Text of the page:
The Nigerian economy is headed for bleak times as the Nigeria Bureau of Statistics (NBS) on Saturday, November 21, officially confirmed Nigeria had slipped into a recession.
The same happened in 2016; making it the second recession in a space of four years.
1st News analysed official figures published by the NBS; which depicted the economy shrank again in the third quarter of this year.
The nation’s economy maintained a second consecutive negative growth; after contracting by 3.62 per cent in the third quarter.
The cumulative Gross Domestic Product (GDP) for the first nine months of 2020; therefore, stood at -2.48 per cent just as it recorded a -6.10 per cent in the second quarter.
“Nigeria’s gross domestic product (GDP) recorded a growth rate of –3.62% (year-on-year) in real terms in the third quarter of 2020,” the NBS report partly read.
“Cumulatively, the economy has contracted by -2.48%.While this represents an improvement of 2.48% points over the –6.10% growth rate recorded in the preceding quarter (Q2 2020); it also indicates that two consecutive quarters of negative growth have been recorded in 2020.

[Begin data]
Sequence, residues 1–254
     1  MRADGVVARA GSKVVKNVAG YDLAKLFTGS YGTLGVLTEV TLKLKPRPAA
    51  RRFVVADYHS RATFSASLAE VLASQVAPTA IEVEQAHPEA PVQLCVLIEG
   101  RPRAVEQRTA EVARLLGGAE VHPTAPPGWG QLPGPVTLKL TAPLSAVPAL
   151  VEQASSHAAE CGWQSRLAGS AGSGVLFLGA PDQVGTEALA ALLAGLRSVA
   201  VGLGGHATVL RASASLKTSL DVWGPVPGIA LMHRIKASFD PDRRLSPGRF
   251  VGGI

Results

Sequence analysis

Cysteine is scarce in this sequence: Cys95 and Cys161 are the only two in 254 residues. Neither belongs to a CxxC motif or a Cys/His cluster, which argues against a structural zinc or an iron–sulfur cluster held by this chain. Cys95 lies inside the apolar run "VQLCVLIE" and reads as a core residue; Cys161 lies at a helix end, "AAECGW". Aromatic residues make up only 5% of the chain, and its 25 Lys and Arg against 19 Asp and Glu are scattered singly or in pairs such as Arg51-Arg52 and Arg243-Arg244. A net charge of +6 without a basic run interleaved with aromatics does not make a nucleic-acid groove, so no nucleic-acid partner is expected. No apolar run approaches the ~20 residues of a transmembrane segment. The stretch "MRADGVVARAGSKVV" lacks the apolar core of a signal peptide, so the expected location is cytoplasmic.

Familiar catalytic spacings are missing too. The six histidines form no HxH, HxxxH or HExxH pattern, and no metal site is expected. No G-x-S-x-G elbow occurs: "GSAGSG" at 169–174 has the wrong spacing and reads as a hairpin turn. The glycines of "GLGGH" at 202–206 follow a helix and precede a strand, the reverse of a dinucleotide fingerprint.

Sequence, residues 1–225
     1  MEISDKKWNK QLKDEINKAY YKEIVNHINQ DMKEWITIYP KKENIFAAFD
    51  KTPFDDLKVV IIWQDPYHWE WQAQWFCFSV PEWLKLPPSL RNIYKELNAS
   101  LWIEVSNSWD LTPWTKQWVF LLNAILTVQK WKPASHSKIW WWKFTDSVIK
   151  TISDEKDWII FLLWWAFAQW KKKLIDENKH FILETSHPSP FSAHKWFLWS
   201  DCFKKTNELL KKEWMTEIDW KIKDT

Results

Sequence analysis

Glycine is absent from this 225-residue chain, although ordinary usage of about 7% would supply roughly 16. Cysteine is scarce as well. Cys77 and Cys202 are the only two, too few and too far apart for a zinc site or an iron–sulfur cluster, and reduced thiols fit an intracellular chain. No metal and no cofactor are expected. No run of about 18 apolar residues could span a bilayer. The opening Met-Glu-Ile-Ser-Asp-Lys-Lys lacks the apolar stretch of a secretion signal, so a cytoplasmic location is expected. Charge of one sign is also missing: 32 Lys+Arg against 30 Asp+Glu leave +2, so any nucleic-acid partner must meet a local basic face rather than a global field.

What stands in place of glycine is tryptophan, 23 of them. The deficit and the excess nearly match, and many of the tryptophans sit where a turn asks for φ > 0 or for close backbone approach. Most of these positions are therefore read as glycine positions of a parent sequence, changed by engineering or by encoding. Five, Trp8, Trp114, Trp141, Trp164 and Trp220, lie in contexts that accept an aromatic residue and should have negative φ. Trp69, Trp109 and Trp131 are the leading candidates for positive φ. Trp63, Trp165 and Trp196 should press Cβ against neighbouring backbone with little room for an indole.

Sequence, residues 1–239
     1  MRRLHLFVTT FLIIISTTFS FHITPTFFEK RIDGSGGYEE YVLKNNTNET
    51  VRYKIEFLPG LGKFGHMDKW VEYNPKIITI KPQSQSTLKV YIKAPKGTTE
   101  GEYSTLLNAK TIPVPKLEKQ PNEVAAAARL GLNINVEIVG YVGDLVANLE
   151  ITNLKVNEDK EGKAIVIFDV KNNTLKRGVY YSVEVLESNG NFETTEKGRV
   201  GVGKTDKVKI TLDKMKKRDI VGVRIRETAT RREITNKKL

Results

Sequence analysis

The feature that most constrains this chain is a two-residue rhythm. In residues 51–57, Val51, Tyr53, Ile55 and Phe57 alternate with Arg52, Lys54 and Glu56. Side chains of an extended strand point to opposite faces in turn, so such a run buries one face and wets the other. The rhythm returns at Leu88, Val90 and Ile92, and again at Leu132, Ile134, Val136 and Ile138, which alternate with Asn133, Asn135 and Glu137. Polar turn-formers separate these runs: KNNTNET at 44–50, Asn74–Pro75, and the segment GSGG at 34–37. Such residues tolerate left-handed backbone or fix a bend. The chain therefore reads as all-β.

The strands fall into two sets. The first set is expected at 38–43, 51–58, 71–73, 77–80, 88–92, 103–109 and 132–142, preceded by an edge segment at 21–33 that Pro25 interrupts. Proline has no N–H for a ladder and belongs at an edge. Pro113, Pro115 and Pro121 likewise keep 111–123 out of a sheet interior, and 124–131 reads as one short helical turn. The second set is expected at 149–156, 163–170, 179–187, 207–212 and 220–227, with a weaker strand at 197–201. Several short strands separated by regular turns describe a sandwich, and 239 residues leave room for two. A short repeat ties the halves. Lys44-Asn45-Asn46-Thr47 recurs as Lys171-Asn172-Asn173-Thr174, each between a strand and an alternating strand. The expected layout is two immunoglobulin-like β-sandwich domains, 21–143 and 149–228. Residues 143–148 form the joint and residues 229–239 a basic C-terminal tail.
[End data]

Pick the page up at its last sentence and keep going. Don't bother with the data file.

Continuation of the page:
“Furthermore, growth in Q3 2020 was slower by 5.90% points when compared to the third quarter of 2019 which recorded a real growth rate of 2.28% year on year.”
— NBS Nigeria (@nigerianstat) November 21, 2020
For the first time in more than three years, the Nigerian economy shrank in the second quarter of 2020 as the GDP fell by 6.10 per cent; compared with a growth of 1.87 per cent in Q1.
In August, the NBS said that the economic decline in Q2 was largely attributable to significantly lower levels; of both domestic and international economic activity resulting from nationwide shutdown efforts; aimed at containing the COVID-19 pandemic.
It said the contraction in Q2 brought to an end the three-year trend of low but positive real growth rates recorded since the 2016/17 recession.
In May, Finance Minister, Zainab Ahmed, had predicted that the coronavirus pandemic; and falling oil prices were set to force the economy into negative growth.
“COVID-19 has resulted in the collapse in oil prices,” she said.
“This will impact negatively; and the impact has already started showing on the federation’s revenues; and on the foreign exchange earnings.”